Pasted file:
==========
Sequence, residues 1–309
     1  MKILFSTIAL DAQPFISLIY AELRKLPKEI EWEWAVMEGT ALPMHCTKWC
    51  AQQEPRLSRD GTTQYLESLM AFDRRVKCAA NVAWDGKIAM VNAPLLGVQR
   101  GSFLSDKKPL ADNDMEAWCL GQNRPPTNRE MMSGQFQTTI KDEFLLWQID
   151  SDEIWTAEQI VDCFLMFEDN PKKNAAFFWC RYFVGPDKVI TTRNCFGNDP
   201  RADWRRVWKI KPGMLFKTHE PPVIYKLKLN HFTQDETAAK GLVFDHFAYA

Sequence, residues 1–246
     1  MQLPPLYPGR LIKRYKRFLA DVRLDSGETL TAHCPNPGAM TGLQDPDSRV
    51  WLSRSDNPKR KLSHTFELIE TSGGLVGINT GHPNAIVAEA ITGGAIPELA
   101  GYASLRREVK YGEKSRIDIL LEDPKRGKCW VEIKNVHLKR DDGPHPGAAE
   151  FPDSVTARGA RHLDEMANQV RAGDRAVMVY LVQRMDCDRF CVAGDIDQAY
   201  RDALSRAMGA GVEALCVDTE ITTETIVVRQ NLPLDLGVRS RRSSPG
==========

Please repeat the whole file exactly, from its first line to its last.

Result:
Sequence, residues 1–309
     1  MKILFSTIAL DAQPFISLIY AELRKLPKEI EWEWAVMEGT ALPMHCTKWC
    51  AQQEPRLSRD GTTQYLESLM AFDRRVKCAA NVAWDGKIAM VNAPLLGVQR
   101  GSFLSDKKPL ADNDMEAWCL GQNRPPTNRE MMSGQFQTTI KDEFLLWQID
   151  SDEIWTAEQI VDCFLMFEDN PKKNAAFFWC RYFVGPDKVI TTRNCFGNDP
   201  RADWRRVWKI KPGMLFKTHE PPVIYKLKLN HFTQDETAAK GLVFDHFAYA

Sequence, residues 1–246
     1  MQLPPLYPGR LIKRYKRFLA DVRLDSGETL TAHCPNPGAM TGLQDPDSRV
    51  WLSRSDNPKR KLSHTFELIE TSGGLVGINT GHPNAIVAEA ITGGAIPELA
   101  GYASLRREVK YGEKSRIDIL LEDPKRGKCW VEIKNVHLKR DDGPHPGAAE
   151  FPDSVTARGA RHLDEMANQV RAGDRAVMVY LVQRMDCDRF CVAGDIDQAY
   201  RDALSRAMGA GVEALCVDTE ITTETIVVRQ NLPLDLGVRS RRSSPG